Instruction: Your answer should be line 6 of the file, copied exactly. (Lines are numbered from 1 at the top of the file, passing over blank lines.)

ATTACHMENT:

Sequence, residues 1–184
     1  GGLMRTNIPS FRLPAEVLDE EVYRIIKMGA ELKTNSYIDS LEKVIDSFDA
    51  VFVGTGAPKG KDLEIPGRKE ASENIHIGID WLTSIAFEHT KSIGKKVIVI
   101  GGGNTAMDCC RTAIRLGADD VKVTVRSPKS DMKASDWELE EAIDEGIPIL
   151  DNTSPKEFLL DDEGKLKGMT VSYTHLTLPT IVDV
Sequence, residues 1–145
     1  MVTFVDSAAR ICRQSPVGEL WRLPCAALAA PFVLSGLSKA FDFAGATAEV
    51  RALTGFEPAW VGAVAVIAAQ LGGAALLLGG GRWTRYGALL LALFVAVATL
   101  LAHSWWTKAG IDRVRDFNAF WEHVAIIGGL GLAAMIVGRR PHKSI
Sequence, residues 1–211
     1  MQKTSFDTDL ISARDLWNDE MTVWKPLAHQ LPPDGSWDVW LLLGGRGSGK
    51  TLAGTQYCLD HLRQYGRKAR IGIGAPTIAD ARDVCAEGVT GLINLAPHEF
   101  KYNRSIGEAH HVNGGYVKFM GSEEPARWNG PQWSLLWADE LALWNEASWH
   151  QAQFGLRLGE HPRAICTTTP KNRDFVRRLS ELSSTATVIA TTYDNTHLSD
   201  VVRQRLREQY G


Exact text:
Sequence, residues 1–145